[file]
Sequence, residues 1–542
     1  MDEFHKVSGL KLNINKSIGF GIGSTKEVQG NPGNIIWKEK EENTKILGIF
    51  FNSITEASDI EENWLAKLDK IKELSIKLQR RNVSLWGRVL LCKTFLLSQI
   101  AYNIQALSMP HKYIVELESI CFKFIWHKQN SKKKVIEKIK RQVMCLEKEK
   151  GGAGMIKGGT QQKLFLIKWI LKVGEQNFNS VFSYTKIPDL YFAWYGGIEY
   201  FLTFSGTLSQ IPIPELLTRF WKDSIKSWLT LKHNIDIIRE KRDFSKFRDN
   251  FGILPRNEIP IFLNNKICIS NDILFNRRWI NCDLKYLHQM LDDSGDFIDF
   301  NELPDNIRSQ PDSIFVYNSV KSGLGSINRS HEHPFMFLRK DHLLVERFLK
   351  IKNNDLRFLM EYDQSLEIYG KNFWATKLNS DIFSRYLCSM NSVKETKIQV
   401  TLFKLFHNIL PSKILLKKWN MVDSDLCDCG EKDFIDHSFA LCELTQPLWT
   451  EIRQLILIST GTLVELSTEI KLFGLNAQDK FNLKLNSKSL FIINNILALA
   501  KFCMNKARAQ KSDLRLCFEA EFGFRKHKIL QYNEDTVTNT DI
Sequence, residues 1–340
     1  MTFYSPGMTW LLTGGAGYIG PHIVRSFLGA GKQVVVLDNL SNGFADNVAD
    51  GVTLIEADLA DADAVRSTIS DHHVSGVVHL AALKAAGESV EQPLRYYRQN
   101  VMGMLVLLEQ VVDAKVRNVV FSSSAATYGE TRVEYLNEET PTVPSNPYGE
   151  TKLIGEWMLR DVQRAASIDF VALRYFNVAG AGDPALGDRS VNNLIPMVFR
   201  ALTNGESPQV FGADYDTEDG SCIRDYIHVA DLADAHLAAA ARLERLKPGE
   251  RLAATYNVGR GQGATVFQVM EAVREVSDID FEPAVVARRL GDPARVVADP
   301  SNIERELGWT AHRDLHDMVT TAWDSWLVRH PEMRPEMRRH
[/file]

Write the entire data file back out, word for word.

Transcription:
Sequence, residues 1–542
     1  MDEFHKVSGL KLNINKSIGF GIGSTKEVQG NPGNIIWKEK EENTKILGIF
    51  FNSITEASDI EENWLAKLDK IKELSIKLQR RNVSLWGRVL LCKTFLLSQI
   101  AYNIQALSMP HKYIVELESI CFKFIWHKQN SKKKVIEKIK RQVMCLEKEK
   151  GGAGMIKGGT QQKLFLIKWI LKVGEQNFNS VFSYTKIPDL YFAWYGGIEY
   201  FLTFSGTLSQ IPIPELLTRF WKDSIKSWLT LKHNIDIIRE KRDFSKFRDN
   251  FGILPRNEIP IFLNNKICIS NDILFNRRWI NCDLKYLHQM LDDSGDFIDF
   301  NELPDNIRSQ PDSIFVYNSV KSGLGSINRS HEHPFMFLRK DHLLVERFLK
   351  IKNNDLRFLM EYDQSLEIYG KNFWATKLNS DIFSRYLCSM NSVKETKIQV
   401  TLFKLFHNIL PSKILLKKWN MVDSDLCDCG EKDFIDHSFA LCELTQPLWT
   451  EIRQLILIST GTLVELSTEI KLFGLNAQDK FNLKLNSKSL FIINNILALA
   501  KFCMNKARAQ KSDLRLCFEA EFGFRKHKIL QYNEDTVTNT DI
Sequence, residues 1–340
     1  MTFYSPGMTW LLTGGAGYIG PHIVRSFLGA GKQVVVLDNL SNGFADNVAD
    51  GVTLIEADLA DADAVRSTIS DHHVSGVVHL AALKAAGESV EQPLRYYRQN
   101  VMGMLVLLEQ VVDAKVRNVV FSSSAATYGE TRVEYLNEET PTVPSNPYGE
   151  TKLIGEWMLR DVQRAASIDF VALRYFNVAG AGDPALGDRS VNNLIPMVFR
   201  ALTNGESPQV FGADYDTEDG SCIRDYIHVA DLADAHLAAA ARLERLKPGE
   251  RLAATYNVGR GQGATVFQVM EAVREVSDID FEPAVVARRL GDPARVVADP
   301  SNIERELGWT AHRDLHDMVT TAWDSWLVRH PEMRPEMRRH